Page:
Oran: Investors freezing out locals
(right) explaining to Minister of Labour Colin Jordan (third right) and Permanent Secretary Alyson Forte
some of the processes in the production department as members of the service team work on a window.
(Pictures by Reco Moore.)
by TRE GREAVES
A LEADING MANUFACTURER is crying out for international investors undertaking construction projects in Barbados to use more local goods and services.
Chief executive officer of Oran Ltd, Scott Oran, said yesterday that some of these firms had been slamming the door in his company’s face.
In fact, he wants Government to ensure that companies which undertake these major contracts here are bound by agreements to utilise more local services.
Though he did not name any companies which had overlooked Oran, he said it was happening too often.
“It is important for us, especially on the major projects, that local companies like ours be given the opportunity to supply those jobs. Very often it’s a challenge when you get big projects and sometimes they are being given duty-free concessions for everything, so they really don’t look at local companies.
“But it also happens because a regional company may not be familiar with who is here. I can tell you, from our experience, we often get the door closed in our face because they say, ‘We are not accustomed to you’ and ‘We know other people’,” Oran said.
He highlighted his concerns to the DAILY NATION after Minister of Labour Colin Jordan toured Oran’s headquarters at Harbour Industrial Park in Bridgetown.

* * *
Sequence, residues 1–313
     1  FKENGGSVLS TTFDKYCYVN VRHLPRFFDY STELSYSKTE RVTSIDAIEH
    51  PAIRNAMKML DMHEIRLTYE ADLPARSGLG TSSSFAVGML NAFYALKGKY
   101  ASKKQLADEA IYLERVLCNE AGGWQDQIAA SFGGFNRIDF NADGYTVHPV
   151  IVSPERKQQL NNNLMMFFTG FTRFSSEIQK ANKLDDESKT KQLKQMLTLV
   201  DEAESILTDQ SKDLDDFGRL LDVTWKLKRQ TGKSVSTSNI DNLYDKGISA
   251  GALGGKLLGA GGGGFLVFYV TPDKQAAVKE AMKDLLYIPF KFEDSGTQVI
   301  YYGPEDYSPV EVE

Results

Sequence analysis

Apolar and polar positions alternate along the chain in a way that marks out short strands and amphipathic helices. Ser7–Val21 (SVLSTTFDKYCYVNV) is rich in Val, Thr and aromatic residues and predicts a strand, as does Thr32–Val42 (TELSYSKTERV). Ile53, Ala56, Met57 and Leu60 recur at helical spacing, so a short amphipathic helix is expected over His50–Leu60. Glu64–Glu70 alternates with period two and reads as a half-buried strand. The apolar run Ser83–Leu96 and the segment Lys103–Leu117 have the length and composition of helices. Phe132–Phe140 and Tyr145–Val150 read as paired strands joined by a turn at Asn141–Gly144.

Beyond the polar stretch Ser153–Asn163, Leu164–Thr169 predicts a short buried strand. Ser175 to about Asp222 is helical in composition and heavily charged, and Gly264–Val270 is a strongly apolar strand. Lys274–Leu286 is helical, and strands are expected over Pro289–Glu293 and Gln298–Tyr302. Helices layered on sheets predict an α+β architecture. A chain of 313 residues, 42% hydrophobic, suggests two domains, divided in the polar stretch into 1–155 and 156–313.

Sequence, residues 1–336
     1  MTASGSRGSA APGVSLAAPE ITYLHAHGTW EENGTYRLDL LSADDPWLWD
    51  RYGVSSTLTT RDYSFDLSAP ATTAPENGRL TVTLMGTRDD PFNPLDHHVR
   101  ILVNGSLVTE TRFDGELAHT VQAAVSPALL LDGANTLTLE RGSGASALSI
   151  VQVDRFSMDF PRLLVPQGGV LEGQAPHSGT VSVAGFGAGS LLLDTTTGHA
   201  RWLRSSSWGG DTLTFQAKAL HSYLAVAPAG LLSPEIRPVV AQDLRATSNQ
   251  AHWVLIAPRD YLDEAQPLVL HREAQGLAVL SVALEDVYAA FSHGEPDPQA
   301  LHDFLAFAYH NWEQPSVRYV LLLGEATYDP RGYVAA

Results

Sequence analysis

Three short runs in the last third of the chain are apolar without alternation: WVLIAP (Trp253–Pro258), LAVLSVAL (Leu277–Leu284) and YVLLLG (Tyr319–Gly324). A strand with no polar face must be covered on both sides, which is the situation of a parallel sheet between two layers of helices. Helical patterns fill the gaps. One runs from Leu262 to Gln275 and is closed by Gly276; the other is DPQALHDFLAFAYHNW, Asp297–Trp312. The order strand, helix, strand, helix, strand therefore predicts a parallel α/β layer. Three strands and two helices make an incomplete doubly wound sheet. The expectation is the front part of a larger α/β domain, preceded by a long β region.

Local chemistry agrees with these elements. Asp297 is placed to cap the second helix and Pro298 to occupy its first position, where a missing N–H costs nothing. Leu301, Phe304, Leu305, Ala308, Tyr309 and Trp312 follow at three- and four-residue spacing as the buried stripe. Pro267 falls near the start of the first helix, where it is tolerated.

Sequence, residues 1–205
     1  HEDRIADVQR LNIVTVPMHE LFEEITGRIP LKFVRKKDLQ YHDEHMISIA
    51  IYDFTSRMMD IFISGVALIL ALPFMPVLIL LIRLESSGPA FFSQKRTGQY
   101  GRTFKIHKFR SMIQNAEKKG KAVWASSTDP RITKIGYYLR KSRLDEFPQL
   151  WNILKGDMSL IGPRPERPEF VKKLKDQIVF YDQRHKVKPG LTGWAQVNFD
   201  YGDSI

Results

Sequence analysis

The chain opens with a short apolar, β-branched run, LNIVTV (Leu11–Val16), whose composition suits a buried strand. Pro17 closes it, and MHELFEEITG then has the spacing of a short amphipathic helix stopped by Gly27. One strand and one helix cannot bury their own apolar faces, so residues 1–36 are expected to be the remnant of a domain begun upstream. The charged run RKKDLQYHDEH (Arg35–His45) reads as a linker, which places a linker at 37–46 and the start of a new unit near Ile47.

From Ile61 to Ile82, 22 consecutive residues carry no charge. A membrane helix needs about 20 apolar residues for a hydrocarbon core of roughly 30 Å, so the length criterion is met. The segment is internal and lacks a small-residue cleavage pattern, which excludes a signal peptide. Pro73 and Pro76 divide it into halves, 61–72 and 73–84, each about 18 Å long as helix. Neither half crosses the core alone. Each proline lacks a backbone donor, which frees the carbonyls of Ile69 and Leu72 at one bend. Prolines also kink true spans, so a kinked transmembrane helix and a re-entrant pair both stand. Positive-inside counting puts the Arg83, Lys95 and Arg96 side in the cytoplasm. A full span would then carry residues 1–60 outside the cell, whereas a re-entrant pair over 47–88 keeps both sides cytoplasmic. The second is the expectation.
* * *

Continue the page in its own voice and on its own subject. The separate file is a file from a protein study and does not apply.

Oran added that he understood Government might not want to pin down the investors, but he said that local companies were equipped for the task.
Oran specialises in aluminium products, specifically windows, doors, ladders, furniture and architectural items. The company employs over 250 people.
President of the Barbados Association of Professional Engineers, Lieutenant Colonel Trevor Browne, when asked to comment on the situation, agreed with Oran. He said some businesses justified their actions by citing access to raw materials and cost of labour.
“You have a situation where a lot of things that can be done in Barbados at a very high quality are not done simply because of the way projects are run. So he has a good point.
“The truth is, the technology and knowledge involved in doing a lot of these jobs are available. We have engineers of the highest quality in Barbados and even if we didn’t, it’s not that difficult to access that knowledge, so obviously we can do it here,” Browne said.
Jordan said he was undertaking a series of tours of businesses to get a first-hand view of their operations so he and his technocrats would have a better understanding of the challenges the entities faced.
ORAN’S OPERATIONS MANAGER Justin Oran
ORAN’S CHIEF EXECUTIVE OFFICER Scott Oran addressing the media yesterday.